This is from the June 13, 2012 edition. Subscribers read this a week ago in the dead tree version. Click here to subscribe.
By Elaine Weinreb
Press Staff Writer
Local teens who use the internet to bully or harass others may find themselves in trouble with their school.
The Northern Humboldt Union High School District is adopting a policy that prohibits “harassing, teasing, intimidating, threatening or terrorizing another student or staff member by way of any technological tool, such as sending an inappropriate or derogatory email message, telephone message, instant message, test message, digital picture or image or website posting including a… blog.”
Students are prohibited from accessing social networking sites while using school computers, and the school district is blocking access to such sites “to the extent possible.”
The two-page long policy was part of a lengthy packet of related policies prohibiting other types of harassment, intimidation, and discrimination.
Language was added that also makes bullying prohibited even if it occurs outside the regular school day if it subsequently affects school activities or school attendance.
Superintendent Kenny Richards said that students at all three of the district’s high schools had been victimized by “social drama” created by the inappropriate use of cell phones.
“It created a problem at the school,” he added. “Sometimes cyberbullying has to be addressed at the school level even though it happens outside.”
Asked how the administration could enforce behavior that occurs when school is not in session, Richards said that his role was to act as a peacemaker.
“You have to bring people together and say ‘You can’t say that about Sarah,’” he said. “If there’s a veiled threat, then it goes to a different level. You may have to use a counselor; maybe notify parents that somebody threatened your son or daughter over the phone.”
“It’s saying that any student who feels he’s harassed should immediately contact somebody,” commented board member Colleen Toste. “Or anybody that observes an incident.”
Board member Mike Pigg said that he had heard of students being verbally abused on cellphones and abused on Facebook.
Richardson added that threats could be reported to the Sheriff’s office if they occurred outside the school.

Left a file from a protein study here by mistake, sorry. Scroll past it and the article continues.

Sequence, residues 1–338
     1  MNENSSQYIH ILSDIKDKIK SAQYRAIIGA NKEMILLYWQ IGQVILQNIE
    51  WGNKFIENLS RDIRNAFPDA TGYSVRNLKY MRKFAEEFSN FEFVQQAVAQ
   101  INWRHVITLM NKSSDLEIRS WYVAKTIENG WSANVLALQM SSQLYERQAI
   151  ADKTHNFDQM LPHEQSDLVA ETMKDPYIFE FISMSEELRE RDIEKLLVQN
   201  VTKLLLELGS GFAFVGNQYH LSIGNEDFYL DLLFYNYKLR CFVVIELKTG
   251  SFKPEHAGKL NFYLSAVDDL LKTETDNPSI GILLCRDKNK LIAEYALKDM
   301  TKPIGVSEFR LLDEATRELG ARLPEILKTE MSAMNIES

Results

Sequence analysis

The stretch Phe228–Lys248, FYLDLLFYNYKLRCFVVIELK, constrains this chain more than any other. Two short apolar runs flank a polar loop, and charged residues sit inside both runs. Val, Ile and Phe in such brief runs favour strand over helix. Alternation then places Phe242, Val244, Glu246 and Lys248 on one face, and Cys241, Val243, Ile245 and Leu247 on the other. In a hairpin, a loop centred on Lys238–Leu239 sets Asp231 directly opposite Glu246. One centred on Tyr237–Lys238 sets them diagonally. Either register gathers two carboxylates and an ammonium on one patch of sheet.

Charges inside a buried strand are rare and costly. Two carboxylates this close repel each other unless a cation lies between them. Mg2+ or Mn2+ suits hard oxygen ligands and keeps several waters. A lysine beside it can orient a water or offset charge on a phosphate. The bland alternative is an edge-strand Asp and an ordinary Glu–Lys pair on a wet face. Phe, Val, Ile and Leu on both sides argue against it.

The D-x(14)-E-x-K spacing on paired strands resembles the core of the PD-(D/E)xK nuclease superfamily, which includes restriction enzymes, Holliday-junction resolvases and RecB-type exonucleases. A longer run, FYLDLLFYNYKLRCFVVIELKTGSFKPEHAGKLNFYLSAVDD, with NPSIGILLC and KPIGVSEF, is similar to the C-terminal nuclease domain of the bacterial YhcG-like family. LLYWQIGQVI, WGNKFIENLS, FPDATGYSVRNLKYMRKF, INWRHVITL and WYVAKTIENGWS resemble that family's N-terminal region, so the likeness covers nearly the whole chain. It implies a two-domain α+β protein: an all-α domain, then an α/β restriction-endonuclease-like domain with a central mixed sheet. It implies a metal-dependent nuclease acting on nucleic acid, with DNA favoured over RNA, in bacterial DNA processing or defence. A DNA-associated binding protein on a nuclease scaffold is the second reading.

“We only want to get involved when it impacts the school,” commented Chris Hartley, the principal of Six Rivers Charter School. “If things come onto the school site that occurred on Facebook, now you’re disrupting the school environment.
“It’s the same as when kids used to call each other on the phone and have arguments on the phone on the landline, and come to school and the argument continues,” Hartley said. “You still have the responsibility to try to work it out, from the school’s’ perspective.”
“It’s evolving, and case law is being formed around it as we speak,” he added.
Unlike a private landline argument between two people, digital communications can easily be replicated and spread over a wide online community.
The board did not take any formal action on the policies.
The proposed policies will re-appear on the agenda at the board’s next meeting on June 26, satisfying a legal requirement for new policies to be “read” at two different meetings before adoption.
If the school district fails to adopt the cyberbullying policy before July 1, it could lose a 60 percent discount from Universal Services Schools and Libraries, an organization which subsidizes the cost of internet access to schools and libraries.
Northern Humboldt Union High School District policies already forbid discrimination or harassment based on gender, ethnicity, race, national origin, religion, color, disability, age, or sexual orientation.
The McKinleyville Union Elementary School District does not yet have an anti-bullying policy in place but is planning to adopt one in August.